“Jon, what happens to these people in the winter?” I asked. He then explained Habitat for Humanity, which at the time was very active in Winnipeg. When you live in a town where the rivers ice over and you have to plug your car in to stop the engine block freezing, you need a house – with central heating.
Habitat is a concept which would appeal to people who disapprove of social security, as Habitat for Humanity is a ‘hand-up’, rather than a handout. In Canada, Habitat’s funding is greatly enhanced through a chain of thrift shops called ReStore. Jon Toogood says he and several colleagues founded ReStore in Winnipeg in the 1980s and the concept has since spread world-wide. ReStores sell donated household goods and recycled building materials. Jon tells me the two stores he co-founded grossed $1.2 million last year.
Habitat for Humanity has not caught on in Australia to the extent it has in New Zealand where there is a national head office, 10 affiliates and 13 ReStores. There are two chapters in Queensland (Gympie and Ipswich). NSW has five chapters, Victoria has three and its operations include two ReStores.
Spokeswoman Jen Farmer said Habitat Queensland was currently researching to see if a ReStore could be viable here. Ipswich coordinator Ken Fischer said the local chapter was set up in 2005. Its first project was to renovate a house moved from Victoria to a quarter acre block. Mr Fischer said three prefab houses were donated to Habitat in 2011 to replace Ipswich homes destroyed in the flood. The homes were located on the same land, but raised on 2.5m stumps.
Mr Fischer said the Ipswich chapter had recently begun to work with social services groups to train homeless people to become trades assistants and work on Habitat projects. Long-term, they plan to look at how Habitat can provide housing for homeless people.
Not that it matters now, but I remember my brush with homelessness. I had paid for a one-way air ticket to New Zealand and had £11 to survive in London for a week.
Even in 1977, £11 didn’t go far. A contact told me about a hostel in Charing Cross where I could stay for a week, all found, for £9. I had to pay up front and, relieved to have somewhere to stay, it took a while to realise this was one of those homeless shelters where they feed you dinner and breakfast and put you on the streets between 9am and 5pm. I was assigned a bed in a large dormitory full of smelly, farting men whose tubercular coughs and nightmare screams kept me awake half the night. Some of those screams might have been my own.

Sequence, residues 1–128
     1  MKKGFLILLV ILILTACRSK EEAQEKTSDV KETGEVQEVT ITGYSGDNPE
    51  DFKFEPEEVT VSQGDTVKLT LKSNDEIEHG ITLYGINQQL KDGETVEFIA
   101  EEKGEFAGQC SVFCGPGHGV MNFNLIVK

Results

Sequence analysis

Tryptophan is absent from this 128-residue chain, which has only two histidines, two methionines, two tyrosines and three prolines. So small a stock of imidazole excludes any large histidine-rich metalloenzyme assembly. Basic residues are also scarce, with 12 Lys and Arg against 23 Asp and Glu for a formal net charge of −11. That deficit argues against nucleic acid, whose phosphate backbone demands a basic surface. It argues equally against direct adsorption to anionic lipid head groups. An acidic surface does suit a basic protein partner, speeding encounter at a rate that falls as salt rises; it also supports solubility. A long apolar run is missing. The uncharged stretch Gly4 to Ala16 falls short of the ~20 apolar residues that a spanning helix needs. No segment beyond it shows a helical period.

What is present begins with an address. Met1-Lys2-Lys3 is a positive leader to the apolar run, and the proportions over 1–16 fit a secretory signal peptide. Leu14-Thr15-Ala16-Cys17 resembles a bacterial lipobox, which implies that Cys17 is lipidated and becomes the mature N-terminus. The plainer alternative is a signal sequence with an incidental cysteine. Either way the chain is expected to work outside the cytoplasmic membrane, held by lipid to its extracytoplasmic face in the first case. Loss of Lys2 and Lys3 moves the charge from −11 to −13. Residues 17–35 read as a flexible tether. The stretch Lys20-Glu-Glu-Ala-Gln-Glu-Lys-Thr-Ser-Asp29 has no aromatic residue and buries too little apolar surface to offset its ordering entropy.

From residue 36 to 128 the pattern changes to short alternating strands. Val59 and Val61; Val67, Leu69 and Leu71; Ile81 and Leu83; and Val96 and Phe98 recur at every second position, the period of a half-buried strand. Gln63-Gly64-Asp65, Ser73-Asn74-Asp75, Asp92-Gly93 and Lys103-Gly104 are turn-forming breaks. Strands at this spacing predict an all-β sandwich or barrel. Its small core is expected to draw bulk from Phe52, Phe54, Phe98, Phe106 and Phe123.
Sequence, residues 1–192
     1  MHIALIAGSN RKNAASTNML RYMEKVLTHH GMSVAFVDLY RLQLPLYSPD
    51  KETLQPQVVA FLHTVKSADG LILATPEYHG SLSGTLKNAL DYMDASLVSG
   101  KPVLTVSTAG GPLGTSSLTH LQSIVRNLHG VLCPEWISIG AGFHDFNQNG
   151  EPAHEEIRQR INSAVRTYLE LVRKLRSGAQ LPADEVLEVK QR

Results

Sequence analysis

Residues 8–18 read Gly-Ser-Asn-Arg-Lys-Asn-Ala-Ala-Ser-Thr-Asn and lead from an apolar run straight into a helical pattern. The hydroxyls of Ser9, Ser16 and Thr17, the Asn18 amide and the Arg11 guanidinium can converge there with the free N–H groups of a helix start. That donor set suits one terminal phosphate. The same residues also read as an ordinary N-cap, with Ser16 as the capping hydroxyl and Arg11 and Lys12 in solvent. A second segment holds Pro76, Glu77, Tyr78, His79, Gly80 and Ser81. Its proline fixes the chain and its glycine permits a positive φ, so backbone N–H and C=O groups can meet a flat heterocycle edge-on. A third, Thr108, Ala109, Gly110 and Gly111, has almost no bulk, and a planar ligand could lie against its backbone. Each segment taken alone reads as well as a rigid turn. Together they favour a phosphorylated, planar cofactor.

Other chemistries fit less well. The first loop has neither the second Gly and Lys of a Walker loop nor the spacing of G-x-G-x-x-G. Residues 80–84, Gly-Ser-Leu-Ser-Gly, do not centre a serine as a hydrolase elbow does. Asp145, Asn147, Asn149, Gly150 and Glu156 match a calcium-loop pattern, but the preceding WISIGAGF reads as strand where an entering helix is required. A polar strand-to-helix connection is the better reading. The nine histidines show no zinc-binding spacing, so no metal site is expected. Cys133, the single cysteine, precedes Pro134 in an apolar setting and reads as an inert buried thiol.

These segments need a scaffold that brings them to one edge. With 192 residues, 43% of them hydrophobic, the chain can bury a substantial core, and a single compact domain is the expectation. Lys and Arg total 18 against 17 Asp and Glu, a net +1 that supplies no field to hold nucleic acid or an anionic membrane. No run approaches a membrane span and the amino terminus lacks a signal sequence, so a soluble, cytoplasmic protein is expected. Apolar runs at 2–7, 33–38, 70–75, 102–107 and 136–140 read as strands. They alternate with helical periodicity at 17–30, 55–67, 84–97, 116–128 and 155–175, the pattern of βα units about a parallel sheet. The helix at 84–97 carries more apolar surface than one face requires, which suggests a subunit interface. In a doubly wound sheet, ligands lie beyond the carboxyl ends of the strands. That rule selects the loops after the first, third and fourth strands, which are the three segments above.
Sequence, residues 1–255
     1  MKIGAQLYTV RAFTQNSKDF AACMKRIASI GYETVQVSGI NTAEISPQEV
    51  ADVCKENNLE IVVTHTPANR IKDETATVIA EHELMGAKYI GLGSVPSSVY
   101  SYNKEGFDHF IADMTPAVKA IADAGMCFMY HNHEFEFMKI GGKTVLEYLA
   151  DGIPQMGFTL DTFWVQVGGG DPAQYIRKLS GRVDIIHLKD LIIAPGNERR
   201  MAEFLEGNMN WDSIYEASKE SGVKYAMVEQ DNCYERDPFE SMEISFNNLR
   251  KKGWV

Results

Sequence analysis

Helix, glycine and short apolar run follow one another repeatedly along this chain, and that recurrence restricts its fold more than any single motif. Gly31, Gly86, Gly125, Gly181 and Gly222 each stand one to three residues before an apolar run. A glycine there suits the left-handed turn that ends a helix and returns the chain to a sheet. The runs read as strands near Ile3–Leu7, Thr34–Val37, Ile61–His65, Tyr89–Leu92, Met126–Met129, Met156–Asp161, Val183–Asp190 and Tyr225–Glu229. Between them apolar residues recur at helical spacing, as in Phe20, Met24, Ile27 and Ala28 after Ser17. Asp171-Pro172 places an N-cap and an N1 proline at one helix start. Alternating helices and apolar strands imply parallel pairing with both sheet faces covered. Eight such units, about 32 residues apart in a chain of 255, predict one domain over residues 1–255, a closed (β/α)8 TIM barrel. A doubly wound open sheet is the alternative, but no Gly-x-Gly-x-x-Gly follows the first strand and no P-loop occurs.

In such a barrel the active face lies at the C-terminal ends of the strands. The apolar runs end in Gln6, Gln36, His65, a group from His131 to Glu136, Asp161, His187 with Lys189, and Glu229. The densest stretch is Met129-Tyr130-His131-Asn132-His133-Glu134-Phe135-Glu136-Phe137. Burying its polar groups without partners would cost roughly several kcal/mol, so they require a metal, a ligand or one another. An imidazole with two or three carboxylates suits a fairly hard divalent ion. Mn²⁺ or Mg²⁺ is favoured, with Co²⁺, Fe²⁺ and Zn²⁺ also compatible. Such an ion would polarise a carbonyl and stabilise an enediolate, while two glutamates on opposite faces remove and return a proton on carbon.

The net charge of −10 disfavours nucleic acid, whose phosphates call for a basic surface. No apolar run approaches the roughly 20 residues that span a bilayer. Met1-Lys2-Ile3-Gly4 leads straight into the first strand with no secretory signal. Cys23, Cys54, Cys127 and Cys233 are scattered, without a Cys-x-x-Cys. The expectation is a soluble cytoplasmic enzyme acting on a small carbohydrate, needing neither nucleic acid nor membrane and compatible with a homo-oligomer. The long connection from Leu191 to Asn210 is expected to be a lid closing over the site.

In the bed next to mine was a 30-something Irishman who’d come to London to work on building sites but no such work eventuated. Like me, his capital had dwindled and he was now hard pressed to make himself look presentable and stay upbeat to look for work. We found a homely workers’ café in a Soho back lane where lunch – soup, bread rolls and a bottomless cup of tea – cost 50p. As I recall, my Irish friend and I shared a tureen of soup, snagging extra bread rolls from the counter while no-one was looking.
Appropriately, Mel Brooks’ comedy High Anxiety was one of the movie choices on the flight back to sunny, green New Zealand. I scored a job as a storeman packer two days later and rented a room in a share house with like-minded people. I sometimes wonder about the Paddy with the soft voice and shy manner and how his life turned out.